Full Core Meltdown in Japan? - by Stephen Lendman
Possibly it's ongoing and concealed. All along, Japanese and Tokyo Electric (TEPCO) officials downplayed or lied about the severity of the crisis. Virtually nothing they say can be believed.
Nor from the Obama administration, budgeting loan guarantees for new reactor construction instead of decommissioning all 104 nuclear plants because operating them risks full core meltdowns.
Partial or full ones gravely harm earth, air, water and food. Three hazardous Fukushima radioactive isotopes are especially problematic. University of Rochester Professor Jacqueline Williams, a radiation expert, says ingesting radioactive iodine-131 causes thyroid and other cancers. So does hazardous beta and gamma radiation from Cesium-137. Released Strontium 90 also causes leukemia and other cancers. Large amounts of all three are spewing daily.
Under a worst case scenario, millions of Japanese, Pacific rim and northern hemisphere people will be harmed, many gravely. Millions of deaths may result. The dangers of nuclear power can't be overstated. Potentially, all planetary life is threatened. What better reason to end all commercial and military use now.
Wikipedia calls a nuclear meltdown "an informal term for a severe nuclear reactor accident that results in core damage from overheating." Partial or full meltdowns result, releasing toxic atmospheric radiation.
Through nuclear fission, reactors generate high heat to produce electricity - essentially boiling water to create steam, used to run turbines and generate power. Unless controlled, dangerously high heat results.
Core meltdowns occur when heat generated exceeds what cooling systems remove, causing uranium and plutonium fuel to melt. At fault may be coolant problems, including accidents, fires, loss of coolant pressure, low coolant flow, or none at all from high heat causing evaporation. In other words, insufficient cooling elevates temperatures high enough to trigger melting and toxic atmospheric radiation releases.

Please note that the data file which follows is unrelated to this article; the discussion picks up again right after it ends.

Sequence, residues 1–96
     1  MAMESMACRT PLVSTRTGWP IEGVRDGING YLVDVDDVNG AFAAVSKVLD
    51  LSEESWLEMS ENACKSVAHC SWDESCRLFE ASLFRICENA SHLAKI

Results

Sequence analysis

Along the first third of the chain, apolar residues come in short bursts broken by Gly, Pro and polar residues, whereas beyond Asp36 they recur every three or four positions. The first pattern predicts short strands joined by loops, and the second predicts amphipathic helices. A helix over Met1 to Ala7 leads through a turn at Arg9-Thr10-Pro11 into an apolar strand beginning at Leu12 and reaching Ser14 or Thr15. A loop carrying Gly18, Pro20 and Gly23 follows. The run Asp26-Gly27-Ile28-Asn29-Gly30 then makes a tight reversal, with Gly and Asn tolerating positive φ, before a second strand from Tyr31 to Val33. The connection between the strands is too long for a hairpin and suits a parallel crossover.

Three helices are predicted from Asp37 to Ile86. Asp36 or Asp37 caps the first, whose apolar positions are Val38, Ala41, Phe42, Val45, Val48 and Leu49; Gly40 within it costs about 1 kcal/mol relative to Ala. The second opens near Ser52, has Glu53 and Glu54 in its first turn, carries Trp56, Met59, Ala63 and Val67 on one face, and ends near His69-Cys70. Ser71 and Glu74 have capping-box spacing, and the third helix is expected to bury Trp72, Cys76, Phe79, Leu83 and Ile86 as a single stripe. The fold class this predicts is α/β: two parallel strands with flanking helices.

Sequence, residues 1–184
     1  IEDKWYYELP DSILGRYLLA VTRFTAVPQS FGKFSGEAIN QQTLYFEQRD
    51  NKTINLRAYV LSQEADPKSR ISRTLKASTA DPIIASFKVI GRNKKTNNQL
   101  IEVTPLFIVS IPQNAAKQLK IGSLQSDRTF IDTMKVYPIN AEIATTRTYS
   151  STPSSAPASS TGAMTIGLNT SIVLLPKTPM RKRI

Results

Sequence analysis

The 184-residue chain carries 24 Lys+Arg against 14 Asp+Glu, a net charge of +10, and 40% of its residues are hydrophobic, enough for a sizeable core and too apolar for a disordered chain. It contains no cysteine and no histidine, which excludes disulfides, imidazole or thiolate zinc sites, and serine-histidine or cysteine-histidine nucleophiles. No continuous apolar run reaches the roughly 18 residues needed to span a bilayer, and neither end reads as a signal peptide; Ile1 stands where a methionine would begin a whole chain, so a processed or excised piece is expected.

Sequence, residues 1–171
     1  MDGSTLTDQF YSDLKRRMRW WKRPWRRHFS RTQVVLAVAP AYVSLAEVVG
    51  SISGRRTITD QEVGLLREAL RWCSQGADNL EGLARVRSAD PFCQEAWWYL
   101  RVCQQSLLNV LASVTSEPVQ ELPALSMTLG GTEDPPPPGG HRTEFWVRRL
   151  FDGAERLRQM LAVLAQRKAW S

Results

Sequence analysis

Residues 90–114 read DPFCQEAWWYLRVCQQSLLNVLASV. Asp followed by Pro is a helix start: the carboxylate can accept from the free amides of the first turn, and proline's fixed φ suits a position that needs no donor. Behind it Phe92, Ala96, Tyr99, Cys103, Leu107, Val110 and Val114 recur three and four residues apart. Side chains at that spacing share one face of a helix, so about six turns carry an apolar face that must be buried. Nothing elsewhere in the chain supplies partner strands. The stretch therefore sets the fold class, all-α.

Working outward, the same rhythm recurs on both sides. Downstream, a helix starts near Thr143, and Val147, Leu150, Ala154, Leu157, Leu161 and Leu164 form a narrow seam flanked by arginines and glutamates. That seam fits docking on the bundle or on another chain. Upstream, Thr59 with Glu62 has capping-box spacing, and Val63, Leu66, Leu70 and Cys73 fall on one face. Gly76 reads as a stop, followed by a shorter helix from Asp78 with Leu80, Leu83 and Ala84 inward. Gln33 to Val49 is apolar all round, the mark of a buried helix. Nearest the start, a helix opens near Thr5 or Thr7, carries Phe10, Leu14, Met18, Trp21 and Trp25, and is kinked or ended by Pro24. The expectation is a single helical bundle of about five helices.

Measured in rems (roentgen equivalent in man or mammal), it represents the amount needed to damage living tissue. All radiation is harmful, cumulative, permanent, and unforgiving. The more gotten, the greater the danger, especially doses over 100 rems, producing radiation sickness, including nausea, vomiting, headaches, white blood cell loss, and susceptibility to infection.
Doses above 200 rems cause hair loss and other harm. Above 300, significant internal harm, including damaged nerve cells, others lining the digestive track, the reproductive system, DNA and RNA. Severe white blood cell loss also results, the body's main defense against infection, causing vulnerability to cancer and other diseases.
Moreover, radiation reduces blood platelets production, making hemorrhaging more likely. Doses above 450 rems kill half of those exposed. Above 800 assures death in days, weeks, or longer-term after painful illnesses, including leukemia and other cancers.
High atmospheric radiation levels threaten life over the short or longer-term. The more ingested, absorbed or inhaled, the greater the risk. Fukushima is spreading large amounts. If unstoppable, all bets are off.
On March 17, New York Times writers Norimitsu Onishi, David Sanger and Matthew Wald headlined, "High Radiation Severely Hinders Emergency Work to Cool Japanese Plant," saying:
"Amid widening (global alarm), military fire trucks began spraying cooling water on (Fukushima's) spent fuel rods." Earlier, high radiation levels forced back police water cannon trucks. Japan's Self-Defense Forces dumped tons of seawater on Unit 3, saying later it was ineffective. Unknown is whether anything can work. In day six, everything tried failed, raising grave doubts, a frightening prospect if true.
Panic throughout Japan is increasing. Some Toyko residents are fleeing. Everyone is scared. Radiation levels are spreading and rising. People are jamming airports to leave. Some embassies and companies are evacuating their personnel. Inbound flights are being cancelled.
An anonymous nuclear industry official told The Times of India that TEPCO management is "in a full-scale panic, (not) know(ing) what to do." On March 16, European Union Energy Commissioner Guenther Oettinger told an EU parliamentary committee: